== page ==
What do you consider your weakness(es)? Time to put that trumpet down : ) However, you can speak of that weakness more-so in the past tense, and convert it to a positive by emphasising how you analysed the weakness and dealt with it. For example: My focus on a primary task occasionally suffers as I have found that I sometimes allow myself to be pulled in other directions. Having said that I have always maintained timelines while ensuring absolute quality. (And now you can reach for that trumpet again). I have been studying time management and I have been working hard to address that weakness, and I am now actually quite disciplined in batting away distractions.
When you were analysing the role and researching the company, questions will have occurred to you. Now is the time ask those questions. And don’t be shy about it – remember, engaged and intelligent people ask questions.
You might ask:
And after the interview, contact your recruitment consultant and give them detailed feedback!
Marketing: Know the interviewer’s market and products / services and who they are competing against. Know their current marketing profile / strategy. Prepare a report on how you used same marketing channels and what results you have attained. If a strategic / senior role, have a strong idea of what they might do better, and divide by both online and offline channels, and justify use of each.
Performance marketing: Know your numbers. Know your KPIs and how you have been performing against them. Have your numbers for your CPCs and CPAs etc. And be highly informed on your conversions. Be clear on what channels you have been using and how they have been performing. Be clear on your target markets and your customer personas. Know your market and your competitors. Be clear on what types of A/B testing you have performed and the results. Know your tools. Be clear on your reporting and analytics environment. The more data driven you come across the better.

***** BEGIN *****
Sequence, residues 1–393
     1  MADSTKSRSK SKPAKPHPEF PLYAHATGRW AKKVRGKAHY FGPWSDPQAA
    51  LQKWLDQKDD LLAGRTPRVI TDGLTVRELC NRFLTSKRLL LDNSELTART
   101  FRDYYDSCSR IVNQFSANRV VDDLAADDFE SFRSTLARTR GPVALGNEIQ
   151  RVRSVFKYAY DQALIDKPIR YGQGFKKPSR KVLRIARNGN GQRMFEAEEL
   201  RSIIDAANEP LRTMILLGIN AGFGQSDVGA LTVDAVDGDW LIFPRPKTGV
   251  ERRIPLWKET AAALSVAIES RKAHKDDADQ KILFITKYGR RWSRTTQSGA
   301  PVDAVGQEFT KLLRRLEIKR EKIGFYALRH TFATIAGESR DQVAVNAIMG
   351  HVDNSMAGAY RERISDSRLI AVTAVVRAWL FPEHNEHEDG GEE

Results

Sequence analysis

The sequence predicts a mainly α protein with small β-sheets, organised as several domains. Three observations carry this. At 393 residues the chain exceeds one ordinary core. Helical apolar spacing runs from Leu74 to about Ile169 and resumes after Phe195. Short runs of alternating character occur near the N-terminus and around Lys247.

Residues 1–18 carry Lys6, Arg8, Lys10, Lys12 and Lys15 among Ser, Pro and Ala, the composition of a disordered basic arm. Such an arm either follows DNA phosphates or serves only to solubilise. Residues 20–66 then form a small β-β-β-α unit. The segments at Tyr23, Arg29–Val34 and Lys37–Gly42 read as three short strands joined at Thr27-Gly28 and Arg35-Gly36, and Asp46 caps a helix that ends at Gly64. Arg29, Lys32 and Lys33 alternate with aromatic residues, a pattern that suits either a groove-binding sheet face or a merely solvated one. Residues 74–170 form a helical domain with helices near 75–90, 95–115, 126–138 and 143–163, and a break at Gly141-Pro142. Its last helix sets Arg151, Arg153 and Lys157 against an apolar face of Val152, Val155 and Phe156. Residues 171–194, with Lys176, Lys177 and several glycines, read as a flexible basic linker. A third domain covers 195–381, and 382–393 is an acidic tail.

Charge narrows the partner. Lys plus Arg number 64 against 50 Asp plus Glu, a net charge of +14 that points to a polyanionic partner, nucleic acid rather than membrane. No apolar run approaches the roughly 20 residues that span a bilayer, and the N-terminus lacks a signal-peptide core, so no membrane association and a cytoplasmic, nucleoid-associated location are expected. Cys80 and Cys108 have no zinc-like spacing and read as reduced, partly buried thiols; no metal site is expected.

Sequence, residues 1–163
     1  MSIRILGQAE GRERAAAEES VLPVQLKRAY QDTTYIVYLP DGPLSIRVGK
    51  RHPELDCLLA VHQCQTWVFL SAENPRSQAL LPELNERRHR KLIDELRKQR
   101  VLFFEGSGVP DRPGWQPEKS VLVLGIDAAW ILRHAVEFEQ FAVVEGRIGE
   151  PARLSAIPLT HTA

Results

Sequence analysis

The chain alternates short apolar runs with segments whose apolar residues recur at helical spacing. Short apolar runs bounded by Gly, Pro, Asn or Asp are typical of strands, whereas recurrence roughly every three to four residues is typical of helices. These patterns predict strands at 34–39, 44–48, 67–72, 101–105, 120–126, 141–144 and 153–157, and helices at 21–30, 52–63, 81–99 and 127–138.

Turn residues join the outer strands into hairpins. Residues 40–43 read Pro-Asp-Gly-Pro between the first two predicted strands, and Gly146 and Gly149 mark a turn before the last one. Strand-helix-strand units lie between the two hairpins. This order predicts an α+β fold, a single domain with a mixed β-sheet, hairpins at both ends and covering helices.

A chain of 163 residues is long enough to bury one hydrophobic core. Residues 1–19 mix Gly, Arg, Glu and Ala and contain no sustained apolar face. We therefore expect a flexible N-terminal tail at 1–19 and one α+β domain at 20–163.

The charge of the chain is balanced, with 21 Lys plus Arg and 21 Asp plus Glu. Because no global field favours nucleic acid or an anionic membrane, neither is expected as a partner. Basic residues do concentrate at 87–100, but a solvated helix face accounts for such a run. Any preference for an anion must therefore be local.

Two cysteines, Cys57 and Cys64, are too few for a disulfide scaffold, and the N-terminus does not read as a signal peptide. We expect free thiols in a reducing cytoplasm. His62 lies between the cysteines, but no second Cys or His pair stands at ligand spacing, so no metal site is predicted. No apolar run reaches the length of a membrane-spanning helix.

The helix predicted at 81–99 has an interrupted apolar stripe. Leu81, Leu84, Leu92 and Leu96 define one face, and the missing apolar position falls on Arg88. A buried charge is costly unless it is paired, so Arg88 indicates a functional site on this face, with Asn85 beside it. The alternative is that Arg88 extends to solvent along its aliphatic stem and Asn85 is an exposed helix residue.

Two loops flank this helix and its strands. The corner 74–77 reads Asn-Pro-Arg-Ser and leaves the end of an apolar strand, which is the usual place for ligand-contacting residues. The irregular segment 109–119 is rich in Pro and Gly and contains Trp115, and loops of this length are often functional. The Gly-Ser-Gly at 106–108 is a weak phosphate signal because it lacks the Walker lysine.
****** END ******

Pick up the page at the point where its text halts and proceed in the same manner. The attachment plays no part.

Design : Make sure your design portfolio is up to date and features not only your best work but also a good selection of work that is required in the role – you can provide a tailor made .pdf selection of most relevant work to support your application, no need to redo all the portfolio each time / make sure you are familiar with the requirements and that they are in line with your design skills and expectations – don’t go for an inhouse role with strict brand guidelines if your goal is to work on a lot of creative projects / prepare to talk about your design process and which parts of the work you do are your own, which are a collaboration and what timeframes you worked to in the past /research existing work and be prepared to do a task.
Data : An important tip when going for a Data Analytics / Data Scientist role is to clearly understand what the Data is being used for? Is the role about Customer Data or is it about data regarding a product for company use? Understanding why the company uses the data is a key factor when going for an interview. For example, what impact will this role have on the commercial team? Also, as Data is becoming increasingly prevalent in its application, and is utilised more generally across companies, you need to understand if the role requires any reporting to non-technical people. If there is a visualization tool, you need to find out to what extent you need to know about this. In terms of language, be specific in your abilities. For example: clearly define in your CV at what level you’re at in Python or Tableau. Very often, we find ourselves having to ask at what level a candidate is at in each skill. You might score your abilities: this is an exercise that can save the HR / Hiring Managers time and effort. This will also help in terms of additional training that you may need and clarifying whether the company will be in the position to provide it.